Ukraine President signs deal with 3 opposition leaders to end political crisis


Ukrainian President Viktor Yanukovych today reached an agreement with three opposition leaders to end the three-month long political crisis that took a deadly turn this week.

At least 75 people have been killed – many by sniper fire – in clashes with police in Kiev’s Maidan [Independent] Square since Tuesday. The escalation of violence prompted the United States and the European Union to impose targeted sanctions, including visa bans and freezing assets on Ukrainian government officials deemed to be “responsible for human rights violations, violence, and the use of excessive force.”

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Faced with the sanctions, growing international pressure, and Ukraine’s worsening fiscal conditions that resulted in S&P’s downgrade of the country’s credit rating, Yanukovych assented to early presidential elections before the end of this year. However, some factions of the protesters are insisting on Yanukovych’s immediate resignation, and it’s not clear whether the agreement will be accepted by the more hard-line protesters.

The agreement – signed by Yanukovych and opposition leaders Vitali Klitschko, Arseniy Yatsenyuk, and Oleh Tiahnybok in the presence of foreign ministers of Germany, Poland, and France – will set the deadline for reforms of the Constitution, dealing particularly on the balance of power between the President and the Parliament, by September. Early presidential elections will be held after the new Constitution is adopted, but elections must be held no later than December.

Read more: Police crack down on demonstrators in Ukraine, EU & US condemn excessive force

The agreement also will restore the 2004 Constitution pending constitutional reforms, form a technocratic government within 10 days, grant amnesty to protesters, investigate the recent acts of violence (monitored by the opposition and the Council of Europe), and urge police and demonstrators to refrain from the use of force. No martial law will be declared.

In a written statement, Yanukovych said the steps outlined in the agreement are needed to “restore peace and avoid more victims of the confrontation.

“There are no steps that we must not do together to restore peace in Ukraine,” said Yanukovych.

European Union High Representative Catherine Ashton welcomed the agreement.

“This agreement opens the way for a political solution to the crisis in Ukraine. A democratic and peaceful solution is the only way forward,” said Ashton. “I call upon the signatories to respect the agreement and recall full Ukrainian ownership and responsibility for its immediate implementation.”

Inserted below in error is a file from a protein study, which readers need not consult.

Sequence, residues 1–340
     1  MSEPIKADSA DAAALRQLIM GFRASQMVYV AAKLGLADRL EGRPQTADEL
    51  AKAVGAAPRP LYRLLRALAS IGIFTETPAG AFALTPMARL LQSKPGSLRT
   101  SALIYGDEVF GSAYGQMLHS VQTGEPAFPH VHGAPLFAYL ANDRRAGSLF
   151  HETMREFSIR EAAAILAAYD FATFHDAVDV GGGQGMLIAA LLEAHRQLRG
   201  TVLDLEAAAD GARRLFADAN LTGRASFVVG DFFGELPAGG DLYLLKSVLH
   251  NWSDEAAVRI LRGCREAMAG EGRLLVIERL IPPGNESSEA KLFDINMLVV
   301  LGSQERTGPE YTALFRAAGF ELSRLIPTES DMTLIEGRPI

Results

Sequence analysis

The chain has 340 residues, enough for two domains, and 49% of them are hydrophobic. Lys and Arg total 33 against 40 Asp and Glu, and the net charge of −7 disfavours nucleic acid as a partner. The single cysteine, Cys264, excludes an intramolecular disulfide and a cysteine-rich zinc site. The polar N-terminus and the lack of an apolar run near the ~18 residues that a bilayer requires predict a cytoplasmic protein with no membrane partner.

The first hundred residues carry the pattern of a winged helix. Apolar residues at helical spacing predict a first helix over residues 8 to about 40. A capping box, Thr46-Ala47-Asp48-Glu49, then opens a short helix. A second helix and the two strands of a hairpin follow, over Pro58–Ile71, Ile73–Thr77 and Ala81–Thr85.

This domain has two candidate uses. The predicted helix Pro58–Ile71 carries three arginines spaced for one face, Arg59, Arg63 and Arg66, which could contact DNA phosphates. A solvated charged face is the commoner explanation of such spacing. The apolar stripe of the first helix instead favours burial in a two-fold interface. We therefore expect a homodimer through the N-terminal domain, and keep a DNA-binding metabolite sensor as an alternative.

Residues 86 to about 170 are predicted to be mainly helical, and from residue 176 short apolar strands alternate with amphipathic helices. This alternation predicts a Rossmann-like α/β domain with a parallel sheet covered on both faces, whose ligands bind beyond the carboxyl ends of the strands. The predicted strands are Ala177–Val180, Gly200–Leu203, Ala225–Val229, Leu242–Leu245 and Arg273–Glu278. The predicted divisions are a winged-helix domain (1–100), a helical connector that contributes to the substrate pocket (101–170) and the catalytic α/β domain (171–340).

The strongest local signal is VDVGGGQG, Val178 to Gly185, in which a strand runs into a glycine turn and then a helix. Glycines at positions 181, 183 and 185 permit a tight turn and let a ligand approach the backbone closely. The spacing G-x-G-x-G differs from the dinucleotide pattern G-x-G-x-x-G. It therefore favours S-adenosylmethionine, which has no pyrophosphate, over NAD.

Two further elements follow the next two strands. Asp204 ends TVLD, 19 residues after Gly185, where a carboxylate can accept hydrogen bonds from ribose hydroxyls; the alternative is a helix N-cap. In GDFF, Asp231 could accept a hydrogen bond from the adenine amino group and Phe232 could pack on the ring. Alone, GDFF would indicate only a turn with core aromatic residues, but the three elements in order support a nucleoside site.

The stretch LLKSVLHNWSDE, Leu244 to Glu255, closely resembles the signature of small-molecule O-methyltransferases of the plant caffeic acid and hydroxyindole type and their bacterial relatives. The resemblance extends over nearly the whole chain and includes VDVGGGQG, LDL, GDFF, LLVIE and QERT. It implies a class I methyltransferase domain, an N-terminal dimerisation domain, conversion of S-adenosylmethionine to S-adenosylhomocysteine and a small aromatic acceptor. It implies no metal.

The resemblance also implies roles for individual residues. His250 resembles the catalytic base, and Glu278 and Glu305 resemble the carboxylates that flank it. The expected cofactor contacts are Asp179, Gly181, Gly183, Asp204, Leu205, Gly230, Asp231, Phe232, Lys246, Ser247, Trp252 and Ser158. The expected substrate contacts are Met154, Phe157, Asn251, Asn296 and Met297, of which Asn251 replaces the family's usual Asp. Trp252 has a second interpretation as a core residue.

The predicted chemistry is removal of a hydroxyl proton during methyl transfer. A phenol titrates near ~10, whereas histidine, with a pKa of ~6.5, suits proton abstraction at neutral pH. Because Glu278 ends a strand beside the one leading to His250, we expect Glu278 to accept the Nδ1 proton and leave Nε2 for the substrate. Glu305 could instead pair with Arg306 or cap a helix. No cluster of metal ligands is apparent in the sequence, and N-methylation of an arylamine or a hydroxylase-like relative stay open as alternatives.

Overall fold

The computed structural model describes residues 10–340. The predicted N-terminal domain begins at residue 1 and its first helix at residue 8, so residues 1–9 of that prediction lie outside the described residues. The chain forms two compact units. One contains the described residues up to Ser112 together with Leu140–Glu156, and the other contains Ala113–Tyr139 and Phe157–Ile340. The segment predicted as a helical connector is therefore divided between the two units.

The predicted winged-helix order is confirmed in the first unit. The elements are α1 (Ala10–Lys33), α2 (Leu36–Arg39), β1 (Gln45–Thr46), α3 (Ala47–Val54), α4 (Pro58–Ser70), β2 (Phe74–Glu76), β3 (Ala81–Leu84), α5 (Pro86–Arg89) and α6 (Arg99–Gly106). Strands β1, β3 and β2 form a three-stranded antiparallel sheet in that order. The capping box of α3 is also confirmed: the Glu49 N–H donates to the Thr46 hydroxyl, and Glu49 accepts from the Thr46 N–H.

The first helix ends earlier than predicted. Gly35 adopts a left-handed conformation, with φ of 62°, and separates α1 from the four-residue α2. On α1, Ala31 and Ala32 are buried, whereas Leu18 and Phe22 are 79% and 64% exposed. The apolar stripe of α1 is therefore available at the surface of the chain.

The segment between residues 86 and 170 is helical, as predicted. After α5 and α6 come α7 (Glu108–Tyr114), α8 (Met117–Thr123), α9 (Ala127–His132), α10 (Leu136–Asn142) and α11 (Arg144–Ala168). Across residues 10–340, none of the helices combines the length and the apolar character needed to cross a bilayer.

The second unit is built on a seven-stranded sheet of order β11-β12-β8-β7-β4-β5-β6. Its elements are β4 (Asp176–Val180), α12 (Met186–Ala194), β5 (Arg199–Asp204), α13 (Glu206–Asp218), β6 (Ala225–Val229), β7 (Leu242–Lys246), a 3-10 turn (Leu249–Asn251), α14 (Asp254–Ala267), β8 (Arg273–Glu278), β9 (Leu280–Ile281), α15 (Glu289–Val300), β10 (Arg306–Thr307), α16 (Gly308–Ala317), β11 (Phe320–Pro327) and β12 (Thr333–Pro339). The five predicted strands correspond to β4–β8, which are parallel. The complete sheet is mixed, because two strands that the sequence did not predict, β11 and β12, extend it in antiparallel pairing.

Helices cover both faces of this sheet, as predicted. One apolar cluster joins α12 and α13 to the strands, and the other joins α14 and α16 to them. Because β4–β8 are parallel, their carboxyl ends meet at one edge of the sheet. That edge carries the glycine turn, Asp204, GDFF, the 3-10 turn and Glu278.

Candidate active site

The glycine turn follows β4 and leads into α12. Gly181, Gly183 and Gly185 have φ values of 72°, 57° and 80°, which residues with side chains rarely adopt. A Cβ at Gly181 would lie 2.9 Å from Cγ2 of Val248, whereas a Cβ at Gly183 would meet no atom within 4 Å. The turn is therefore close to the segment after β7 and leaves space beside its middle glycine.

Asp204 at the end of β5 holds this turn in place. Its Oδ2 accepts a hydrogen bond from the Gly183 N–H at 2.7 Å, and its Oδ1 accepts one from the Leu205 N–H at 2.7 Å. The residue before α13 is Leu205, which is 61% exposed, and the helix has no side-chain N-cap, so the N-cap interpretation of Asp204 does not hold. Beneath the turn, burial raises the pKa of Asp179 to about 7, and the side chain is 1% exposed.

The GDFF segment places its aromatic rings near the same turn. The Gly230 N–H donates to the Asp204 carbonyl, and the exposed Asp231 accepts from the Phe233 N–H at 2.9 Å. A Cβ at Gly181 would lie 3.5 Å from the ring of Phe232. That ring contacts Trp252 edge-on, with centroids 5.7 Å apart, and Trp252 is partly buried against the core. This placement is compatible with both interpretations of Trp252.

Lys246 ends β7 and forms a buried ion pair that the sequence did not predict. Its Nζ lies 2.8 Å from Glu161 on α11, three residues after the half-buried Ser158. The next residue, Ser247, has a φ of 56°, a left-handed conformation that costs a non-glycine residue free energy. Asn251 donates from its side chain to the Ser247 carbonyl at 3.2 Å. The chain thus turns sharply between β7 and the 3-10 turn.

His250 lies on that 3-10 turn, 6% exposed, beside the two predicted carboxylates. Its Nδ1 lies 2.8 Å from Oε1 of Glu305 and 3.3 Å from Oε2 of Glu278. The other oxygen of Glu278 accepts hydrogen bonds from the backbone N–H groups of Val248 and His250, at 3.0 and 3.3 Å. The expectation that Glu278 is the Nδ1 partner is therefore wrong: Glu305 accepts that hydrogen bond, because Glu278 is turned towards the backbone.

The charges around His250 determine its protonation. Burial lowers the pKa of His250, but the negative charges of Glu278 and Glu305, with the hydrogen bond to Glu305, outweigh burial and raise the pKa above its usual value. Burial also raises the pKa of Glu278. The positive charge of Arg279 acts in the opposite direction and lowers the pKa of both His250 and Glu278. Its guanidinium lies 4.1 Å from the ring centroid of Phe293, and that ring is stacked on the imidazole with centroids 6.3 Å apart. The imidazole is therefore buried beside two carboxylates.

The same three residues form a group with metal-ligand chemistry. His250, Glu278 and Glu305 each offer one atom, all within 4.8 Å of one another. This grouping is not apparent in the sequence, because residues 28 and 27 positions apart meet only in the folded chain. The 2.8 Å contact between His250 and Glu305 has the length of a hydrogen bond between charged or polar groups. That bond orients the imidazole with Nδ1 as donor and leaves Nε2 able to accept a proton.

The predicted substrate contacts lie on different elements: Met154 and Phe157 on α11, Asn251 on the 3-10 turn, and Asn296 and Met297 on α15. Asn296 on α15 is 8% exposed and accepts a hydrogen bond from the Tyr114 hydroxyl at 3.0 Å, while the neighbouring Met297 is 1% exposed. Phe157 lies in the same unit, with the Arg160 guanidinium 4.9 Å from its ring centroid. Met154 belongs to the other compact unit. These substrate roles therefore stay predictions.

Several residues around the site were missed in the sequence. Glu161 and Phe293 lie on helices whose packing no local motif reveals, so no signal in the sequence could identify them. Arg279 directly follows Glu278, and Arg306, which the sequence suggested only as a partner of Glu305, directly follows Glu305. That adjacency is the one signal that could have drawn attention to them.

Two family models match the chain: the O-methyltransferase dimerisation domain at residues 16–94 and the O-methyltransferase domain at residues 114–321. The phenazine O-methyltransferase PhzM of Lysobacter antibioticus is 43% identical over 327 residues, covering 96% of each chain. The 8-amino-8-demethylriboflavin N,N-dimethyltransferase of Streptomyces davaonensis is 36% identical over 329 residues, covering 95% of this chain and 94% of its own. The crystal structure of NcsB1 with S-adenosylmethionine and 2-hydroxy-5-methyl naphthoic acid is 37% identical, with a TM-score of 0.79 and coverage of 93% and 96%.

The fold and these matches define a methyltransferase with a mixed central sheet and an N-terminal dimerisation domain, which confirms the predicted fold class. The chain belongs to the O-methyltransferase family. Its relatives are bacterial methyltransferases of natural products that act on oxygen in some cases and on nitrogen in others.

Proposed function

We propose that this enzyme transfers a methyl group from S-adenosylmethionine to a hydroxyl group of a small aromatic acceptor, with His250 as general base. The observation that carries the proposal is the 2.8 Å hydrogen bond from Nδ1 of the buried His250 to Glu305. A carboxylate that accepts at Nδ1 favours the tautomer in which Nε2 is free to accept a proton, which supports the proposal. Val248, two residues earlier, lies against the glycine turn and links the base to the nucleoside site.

The White House called for the “immediate implementation of the initial steps – an end to the violence, amnesty and security normalization, and passage of the constitutional package in the Rada – to provide space for the negotiations to begin on the formation of a technocratic coalition government.”

“Respect for the right of peaceful protest – including on the Maidan – is essential,” according to the White House statement. “There must be accountability for those responsible for the violence and the casualties that have resulted since this crisis began, and we remain prepared to impose additional sanctions as necessary.”

A senior State Department official acknowledged the “difficulty” in persuading protesters in the Maidan that “this negotiated solution is the best way forward.”

“It may not give them everything that they want immediately, but that it would prevent further bloodshed,” the official said. “This has been a very tough sell and it will continue to be a tough sell for the opposition to make to those on the streets.”

The official noted that in the midst of the extremely emotional atmosphere in Maidan after the “horrible, horrible violence”, there are some “radical” members of the opposition who have declared that they will not give up their weapons and will continue to occupy the some of the government buildings.

Shortly after the agreement was reached, the Ukrainian Parliament – or the Rada – approved the restoration of the 2004 Constitution, paving the way for the formation of new coalition government. 386 members of Parliament voted in favor of the restoration. The Rada also approved amnesty for the protestors with 372 votes.

Separate from the agreement, the Rada voted to fire Interior Minister Vitaliy Zakharchenko, who many hold responsible for the excessive use of force by police against protestors.  A senior State Department official said he hasn’t been able to verify reports that Zakharchenko has fled to Belarus.

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